Kubernetes Storage 101: Concepts and Best Practices

What is Kubernetes Storage?

Kubernetes is a free and open-source container orchestration platform. It provides services and management capabilities needed to efficiently deploy, operate, and scale containers in a cloud or cluster environment.

When managing containerized environments, Kubernetes storage is useful for storage administrators, because it allows them to maintain multiple forms of persistent and non-persistent data in a Kubernetes cluster. This makes it possible to create dynamic storage resources that can serve different types of applications.

If properly managed, the Kubernetes storage framework can be used to automatically provision the most appropriate storage to multiple applications, with minimal administrative overhead.

In this article, you will learn:

 

Kubernetes Storage Concepts

Containers use the principle of immutability. This means that when containers are destroyed, including all data created during the lifetime of the containers. Immutability is not always appropriate, however. For example, applications that need to share information or maintain state cannot lose this information. In these cases, containers must have a location to permanently store information, which should outlive the lifespan of an individual container.

In Kubernetes, the most basic type of storage is non-persistent—also known as ephemeral. Each container has ephemeral storage by default—this storage uses a temporary directory on the machine that hosts the Kubernetes pod. It is portable, but not durable.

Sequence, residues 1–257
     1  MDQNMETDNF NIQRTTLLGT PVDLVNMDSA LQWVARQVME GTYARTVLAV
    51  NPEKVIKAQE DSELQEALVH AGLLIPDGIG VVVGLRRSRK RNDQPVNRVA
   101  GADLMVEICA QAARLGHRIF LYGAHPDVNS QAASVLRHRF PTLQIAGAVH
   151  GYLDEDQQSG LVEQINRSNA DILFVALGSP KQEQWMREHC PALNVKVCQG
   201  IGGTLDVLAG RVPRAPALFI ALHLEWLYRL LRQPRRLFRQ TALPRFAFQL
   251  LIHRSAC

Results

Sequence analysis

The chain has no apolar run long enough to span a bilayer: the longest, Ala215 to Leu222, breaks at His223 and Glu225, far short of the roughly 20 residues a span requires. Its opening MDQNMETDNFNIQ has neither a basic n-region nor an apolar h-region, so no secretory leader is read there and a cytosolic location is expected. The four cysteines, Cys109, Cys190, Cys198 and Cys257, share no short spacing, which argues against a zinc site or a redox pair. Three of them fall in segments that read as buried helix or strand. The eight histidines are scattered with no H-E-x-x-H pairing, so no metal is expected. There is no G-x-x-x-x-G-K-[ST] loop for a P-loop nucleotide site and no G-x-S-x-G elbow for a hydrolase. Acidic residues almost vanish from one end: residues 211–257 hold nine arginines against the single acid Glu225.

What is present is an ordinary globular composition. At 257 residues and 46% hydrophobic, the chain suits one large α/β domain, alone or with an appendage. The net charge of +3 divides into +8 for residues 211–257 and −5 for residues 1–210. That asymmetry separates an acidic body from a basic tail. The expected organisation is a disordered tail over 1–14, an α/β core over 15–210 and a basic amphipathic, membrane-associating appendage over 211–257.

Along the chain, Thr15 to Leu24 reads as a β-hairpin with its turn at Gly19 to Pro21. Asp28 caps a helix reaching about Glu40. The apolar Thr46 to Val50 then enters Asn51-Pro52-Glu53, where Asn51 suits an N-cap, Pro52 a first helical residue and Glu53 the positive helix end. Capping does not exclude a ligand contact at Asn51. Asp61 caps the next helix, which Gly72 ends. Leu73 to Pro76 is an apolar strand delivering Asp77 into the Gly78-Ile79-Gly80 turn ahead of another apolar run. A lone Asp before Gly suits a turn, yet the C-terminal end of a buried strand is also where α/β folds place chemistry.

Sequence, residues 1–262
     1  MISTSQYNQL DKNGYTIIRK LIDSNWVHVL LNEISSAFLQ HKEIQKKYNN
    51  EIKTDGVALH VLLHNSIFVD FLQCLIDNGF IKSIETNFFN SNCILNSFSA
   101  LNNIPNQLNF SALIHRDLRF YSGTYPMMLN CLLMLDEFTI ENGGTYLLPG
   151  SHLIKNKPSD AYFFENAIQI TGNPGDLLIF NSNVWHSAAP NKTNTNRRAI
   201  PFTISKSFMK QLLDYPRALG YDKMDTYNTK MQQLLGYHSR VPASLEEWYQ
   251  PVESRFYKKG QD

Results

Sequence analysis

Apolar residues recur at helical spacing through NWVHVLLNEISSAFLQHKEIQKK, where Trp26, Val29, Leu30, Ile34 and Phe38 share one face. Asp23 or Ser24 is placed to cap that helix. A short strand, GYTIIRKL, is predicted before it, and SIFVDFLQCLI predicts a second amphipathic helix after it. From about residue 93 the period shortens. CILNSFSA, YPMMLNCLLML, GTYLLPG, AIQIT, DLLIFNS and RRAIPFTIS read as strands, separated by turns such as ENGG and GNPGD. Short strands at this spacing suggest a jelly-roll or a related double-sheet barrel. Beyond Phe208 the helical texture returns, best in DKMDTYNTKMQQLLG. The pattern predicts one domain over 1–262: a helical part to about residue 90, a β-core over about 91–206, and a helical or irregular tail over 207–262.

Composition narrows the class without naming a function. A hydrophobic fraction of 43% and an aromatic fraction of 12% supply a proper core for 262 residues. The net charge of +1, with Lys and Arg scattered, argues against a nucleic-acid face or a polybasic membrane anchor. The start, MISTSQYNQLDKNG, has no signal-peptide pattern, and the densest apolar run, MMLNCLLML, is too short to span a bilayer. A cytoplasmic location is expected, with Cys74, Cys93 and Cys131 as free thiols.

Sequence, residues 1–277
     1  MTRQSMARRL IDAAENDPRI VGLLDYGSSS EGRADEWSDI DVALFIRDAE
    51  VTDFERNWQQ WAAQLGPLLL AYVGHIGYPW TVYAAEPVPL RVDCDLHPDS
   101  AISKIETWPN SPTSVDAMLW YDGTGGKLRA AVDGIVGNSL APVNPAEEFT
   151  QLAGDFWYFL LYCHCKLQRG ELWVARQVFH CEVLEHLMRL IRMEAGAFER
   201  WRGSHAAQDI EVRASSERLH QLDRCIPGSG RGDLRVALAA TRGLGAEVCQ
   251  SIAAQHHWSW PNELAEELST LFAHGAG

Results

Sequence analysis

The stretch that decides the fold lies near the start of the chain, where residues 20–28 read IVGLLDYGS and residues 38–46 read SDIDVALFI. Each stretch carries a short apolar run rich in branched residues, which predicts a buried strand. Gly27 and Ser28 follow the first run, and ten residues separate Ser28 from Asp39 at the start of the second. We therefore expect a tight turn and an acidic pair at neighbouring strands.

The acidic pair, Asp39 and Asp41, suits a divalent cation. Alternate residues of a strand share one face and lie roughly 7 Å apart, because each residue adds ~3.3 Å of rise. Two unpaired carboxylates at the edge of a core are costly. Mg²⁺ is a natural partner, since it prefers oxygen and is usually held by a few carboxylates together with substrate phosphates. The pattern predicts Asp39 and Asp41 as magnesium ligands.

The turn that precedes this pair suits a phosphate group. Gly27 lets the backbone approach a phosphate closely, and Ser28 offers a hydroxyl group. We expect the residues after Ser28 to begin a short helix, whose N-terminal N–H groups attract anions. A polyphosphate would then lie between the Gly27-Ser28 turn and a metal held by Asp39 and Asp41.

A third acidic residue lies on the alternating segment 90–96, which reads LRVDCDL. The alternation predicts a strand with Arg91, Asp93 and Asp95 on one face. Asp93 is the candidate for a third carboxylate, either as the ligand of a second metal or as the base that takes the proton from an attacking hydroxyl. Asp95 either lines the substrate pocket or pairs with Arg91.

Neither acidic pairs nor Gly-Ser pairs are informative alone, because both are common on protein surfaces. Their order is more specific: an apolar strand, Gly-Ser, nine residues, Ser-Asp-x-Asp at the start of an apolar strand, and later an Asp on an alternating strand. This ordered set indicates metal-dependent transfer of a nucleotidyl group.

Kubernetes supports multiple types of persistent storage. This can include file, block, or object storage services from cloud providers (such as Amazon S3), storage devices in the local data center, or data services like databases. Kubernetes provides mechanisms to abstract this storage for applications running on containers, so that applications never communicate directly with storage media.

Related content: read our guide to hybrid cloud architecture

Container Storage Interface (CSI)

CSI is a Kubernetes extension that simplifies storage management. Before CSI, users needed to integrate the data store’s device driver with Kubernetes, which was quite complex. CSI provides an extensible plugin architecture, so you can easily add plugins that support the storage devices and services used in your organization.

Volumes

Volumes are basic entities in Kubernetes, used to provide storage to containers. A volume can support all types of storage, including network file system (NFS), local storage devices, and cloud-based storage services. You can also build your own storage plugins to support new storage systems. Access to volumes can be achieved directly via pods or through persistent volumes (explained below).

Non-Persistent Storage

The default storage configuration in Kubernetes is non-persistent (temporary). As long as a container exists, it stores data in the temporary storage directory of the host, and when it shuts down the data is removed.